Artvoice: Buffalo's #1 Newsweekly
Home Blogs Web Features Calendar Listings Artvoice TV Real Estate Classifieds Contact
Previous story: Do You Support Gun Control Laws?
Next story: Saga: Volume Two

Tricking the Eye

Tricking the Eye
Nancy Reisman reads from her new novel, and various other literary events

A Reading With Nancy Reisman

At 7pm on Thursday (7/30) at Talking Leaves, 3158 Main St.

Nancy Reisman grew up in Buffalo, and her first novel, First Desire, is set in the city of her birth. Talking Leaves will be hosting Nancy in order to celebrate publication of her second novel, Trompe L’Oeil, a powerful and moving portrait of a family and of the ways members of the family deal with grief and loss. Join her for an evening of prose and conversation at Talking Leaves on Main Street. You may purchase a copy to be signed.

Other Events

What Bam Thank You Slam:
7—9:30pm at the Gypsy Parlor, 376 Grant St. The 2015 Buffalo Infringement Festival presents: “Wham Bam Thank You Slam!” This is the third annual event and Buffalo’s only show that combines burlesque and slam poetry. This unique combination will take place at the Gypsy Parlor on Saturday (8/1), featuring many artists including: Afternoon Delights, Pure Ink and Bringing Words to Life!

Stephen Jenkinson Discussion:
On Sunday (8/1), from 3:30pm—5:00pm, join us at Buffalo Street Books, The Dewitt Mall, 215 N Cayuga St, Ithaca, NY, as author Stephen Jenkinson discusses his book Die Wise: A Manifesto for Sanity & Soul, a book about grief, dying, and the great love of life.

"Tell Our Story" Workshop:
4:30—5:30pm on August 4th and 6th at Just Buffalo, 617 Main St. In this workshop students will work together to learn the art of interviewing and the power of personal stories. Working with Squeaky Wheel filmmaker Kevin Kline, they will create short narrative videos focused on stories that matter to them. This workshop is for teenagers ages 12-18.

During a vacation in Rome, the Murphy family experiences a life-altering tragedy. In the immediate aftermath, James, Nora, and their children find solace in their Massachusetts coast home, but as the years pass the weight of the loss disintegrates the increasingly fragile marriage and leaves its mark on each family member. Trompe l’Oeil seamlessly alternates among several characters’ points of view, capturing the details of their daily lives as well as their longing for connection and fear of abandonment. Through the turbulence of marriage, the challenges of parenthood, job upheavals, and calamities large and small, the novel examines family legacies, the ways those legacies persist, and the ways they might be transcended.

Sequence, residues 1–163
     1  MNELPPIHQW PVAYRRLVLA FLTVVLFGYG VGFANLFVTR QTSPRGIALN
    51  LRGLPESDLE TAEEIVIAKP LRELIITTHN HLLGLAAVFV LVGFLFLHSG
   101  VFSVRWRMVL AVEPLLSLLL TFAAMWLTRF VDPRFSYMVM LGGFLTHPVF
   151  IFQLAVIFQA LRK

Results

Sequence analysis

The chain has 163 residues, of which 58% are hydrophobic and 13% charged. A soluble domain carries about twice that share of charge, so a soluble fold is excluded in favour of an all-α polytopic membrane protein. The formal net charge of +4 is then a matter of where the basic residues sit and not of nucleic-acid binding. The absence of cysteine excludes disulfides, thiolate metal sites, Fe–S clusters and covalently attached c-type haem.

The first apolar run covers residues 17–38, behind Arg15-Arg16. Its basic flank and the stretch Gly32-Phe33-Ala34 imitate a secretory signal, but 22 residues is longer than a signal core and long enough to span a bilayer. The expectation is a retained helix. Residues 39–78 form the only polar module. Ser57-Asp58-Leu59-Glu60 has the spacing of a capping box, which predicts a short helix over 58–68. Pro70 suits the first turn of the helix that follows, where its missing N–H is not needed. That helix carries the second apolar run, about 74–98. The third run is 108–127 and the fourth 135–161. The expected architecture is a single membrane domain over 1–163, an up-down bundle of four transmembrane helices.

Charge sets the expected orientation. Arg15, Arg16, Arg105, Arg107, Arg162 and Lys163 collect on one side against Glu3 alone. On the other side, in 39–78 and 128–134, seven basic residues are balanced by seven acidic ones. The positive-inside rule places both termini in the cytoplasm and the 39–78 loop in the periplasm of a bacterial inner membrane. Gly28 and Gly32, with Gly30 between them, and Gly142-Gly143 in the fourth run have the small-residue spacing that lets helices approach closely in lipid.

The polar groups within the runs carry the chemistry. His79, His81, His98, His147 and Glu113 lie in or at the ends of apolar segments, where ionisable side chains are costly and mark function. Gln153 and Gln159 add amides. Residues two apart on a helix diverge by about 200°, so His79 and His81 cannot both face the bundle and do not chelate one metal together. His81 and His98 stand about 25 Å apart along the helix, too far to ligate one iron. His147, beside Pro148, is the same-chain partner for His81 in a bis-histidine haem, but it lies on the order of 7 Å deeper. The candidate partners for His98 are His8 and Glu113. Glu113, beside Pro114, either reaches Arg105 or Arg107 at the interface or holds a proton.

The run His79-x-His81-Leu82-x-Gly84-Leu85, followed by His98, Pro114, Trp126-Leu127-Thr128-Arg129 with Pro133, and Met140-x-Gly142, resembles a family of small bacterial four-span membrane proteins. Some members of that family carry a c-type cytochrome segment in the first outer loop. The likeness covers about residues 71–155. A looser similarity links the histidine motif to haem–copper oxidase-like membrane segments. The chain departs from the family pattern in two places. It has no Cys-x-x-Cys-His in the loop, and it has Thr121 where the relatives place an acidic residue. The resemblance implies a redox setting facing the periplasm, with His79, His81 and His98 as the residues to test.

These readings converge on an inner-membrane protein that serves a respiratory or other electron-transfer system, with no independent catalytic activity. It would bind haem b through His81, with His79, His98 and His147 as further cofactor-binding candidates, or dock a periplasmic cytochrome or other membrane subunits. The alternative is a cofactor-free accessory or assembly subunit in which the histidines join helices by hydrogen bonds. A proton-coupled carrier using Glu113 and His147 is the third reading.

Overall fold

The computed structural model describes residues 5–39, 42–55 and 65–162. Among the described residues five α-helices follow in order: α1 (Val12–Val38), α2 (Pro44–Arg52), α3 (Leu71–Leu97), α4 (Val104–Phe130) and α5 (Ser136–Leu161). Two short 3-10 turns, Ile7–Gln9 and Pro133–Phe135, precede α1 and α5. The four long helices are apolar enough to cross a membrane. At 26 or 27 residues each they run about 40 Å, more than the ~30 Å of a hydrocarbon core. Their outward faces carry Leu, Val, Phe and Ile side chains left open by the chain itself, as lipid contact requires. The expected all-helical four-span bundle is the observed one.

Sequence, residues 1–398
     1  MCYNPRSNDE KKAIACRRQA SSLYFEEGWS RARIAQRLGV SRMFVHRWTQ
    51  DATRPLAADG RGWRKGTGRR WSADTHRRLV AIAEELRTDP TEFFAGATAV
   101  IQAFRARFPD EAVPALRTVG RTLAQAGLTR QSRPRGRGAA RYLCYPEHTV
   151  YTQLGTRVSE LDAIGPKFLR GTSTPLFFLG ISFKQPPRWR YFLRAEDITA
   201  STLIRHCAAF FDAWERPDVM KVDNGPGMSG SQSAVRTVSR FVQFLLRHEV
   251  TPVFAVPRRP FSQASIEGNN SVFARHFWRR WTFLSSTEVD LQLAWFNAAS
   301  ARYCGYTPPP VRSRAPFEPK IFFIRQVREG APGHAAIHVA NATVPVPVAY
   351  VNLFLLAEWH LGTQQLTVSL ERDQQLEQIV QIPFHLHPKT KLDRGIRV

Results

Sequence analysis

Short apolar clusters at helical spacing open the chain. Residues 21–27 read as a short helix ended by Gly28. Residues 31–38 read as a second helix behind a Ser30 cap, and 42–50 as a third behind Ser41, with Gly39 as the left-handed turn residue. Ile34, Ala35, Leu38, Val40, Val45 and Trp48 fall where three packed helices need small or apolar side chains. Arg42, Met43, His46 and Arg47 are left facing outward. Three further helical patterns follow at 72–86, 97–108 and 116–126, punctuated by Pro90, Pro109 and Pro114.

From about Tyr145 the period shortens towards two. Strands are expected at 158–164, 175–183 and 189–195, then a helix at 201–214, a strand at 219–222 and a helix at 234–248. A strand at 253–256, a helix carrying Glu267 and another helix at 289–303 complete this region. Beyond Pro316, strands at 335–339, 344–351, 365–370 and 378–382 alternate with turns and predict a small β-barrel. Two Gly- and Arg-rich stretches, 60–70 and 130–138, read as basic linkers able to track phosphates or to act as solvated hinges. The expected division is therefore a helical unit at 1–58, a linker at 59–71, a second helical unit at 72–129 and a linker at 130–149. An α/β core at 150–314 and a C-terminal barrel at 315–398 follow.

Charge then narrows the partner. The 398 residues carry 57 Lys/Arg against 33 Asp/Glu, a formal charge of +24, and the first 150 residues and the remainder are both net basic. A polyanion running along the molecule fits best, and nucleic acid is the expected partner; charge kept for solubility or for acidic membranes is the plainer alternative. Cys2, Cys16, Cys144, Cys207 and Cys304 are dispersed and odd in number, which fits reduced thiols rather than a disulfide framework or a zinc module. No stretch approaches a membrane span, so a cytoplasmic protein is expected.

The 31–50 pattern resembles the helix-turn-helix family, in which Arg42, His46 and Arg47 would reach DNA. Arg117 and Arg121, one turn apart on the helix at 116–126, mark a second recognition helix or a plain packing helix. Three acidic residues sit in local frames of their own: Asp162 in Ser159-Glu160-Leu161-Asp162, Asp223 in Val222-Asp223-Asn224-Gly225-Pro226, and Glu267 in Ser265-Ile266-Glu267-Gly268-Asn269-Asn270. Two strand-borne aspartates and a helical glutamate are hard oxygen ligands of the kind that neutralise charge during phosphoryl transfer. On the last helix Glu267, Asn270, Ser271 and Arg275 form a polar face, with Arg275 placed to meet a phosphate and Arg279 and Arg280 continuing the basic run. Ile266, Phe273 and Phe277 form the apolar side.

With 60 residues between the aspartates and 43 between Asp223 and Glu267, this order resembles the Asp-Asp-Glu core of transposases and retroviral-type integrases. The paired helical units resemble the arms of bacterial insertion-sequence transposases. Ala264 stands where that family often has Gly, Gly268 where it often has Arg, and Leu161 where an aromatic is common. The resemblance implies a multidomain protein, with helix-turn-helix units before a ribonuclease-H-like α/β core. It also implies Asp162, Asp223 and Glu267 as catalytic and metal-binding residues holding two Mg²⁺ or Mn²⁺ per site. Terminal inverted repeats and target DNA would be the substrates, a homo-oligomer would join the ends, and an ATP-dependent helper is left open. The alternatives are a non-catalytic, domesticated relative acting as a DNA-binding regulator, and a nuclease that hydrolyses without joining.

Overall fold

Julie Myerson of the New York Times reviewed it: “There’s a bright elasticity to Reisman’s prose that only adds to this sense of possibility. Simple observations make striking impressions.” And novelist Ann Hood says, ““What I have always admired about Nancy Reisman’s writing is how absolutely gorgeous it is, and in Trompe l’Oeil her writing astonishes me even more. She writes about the weight of loss with beauty and honesty and grace. Simply a beautiful novel.” Nancy Reisman is a master of psychological insight, creating characters who are especially unique and yet able to express reflections of our own character. Trompe l’Oeil is not a haunting, but is able to haunt the reader with its story and the beauty within loss, hope and fears.

Nancy Reisman’s debut novel, The First Desire, was a New York Times Notable Book and a recipient of the Goldberg Award from the Foundation for Jewish Culture. Her story collection, House Fires, won the Iowa Award for Short Fiction. Her short fiction has appeared in many journals and anthologies, including Tin House, Glimmer Train, the Yale Review, SubTropics, Michigan Quarterly Review, Kenyon Review, Five Points, Narrative, The Best American Short Stories (2001), and The O’Henry Award Stories (2005). Reisman has received fellowships and awards from the National Endowment for the Arts, the Tennessee Commission on the Arts, the Wisconsin Institute for Creative Writing, and the Fine Arts Work Center in Provincetown. She teaches at Vanderbilt University and lives in Nashville, TN.

blog comments powered by Disqus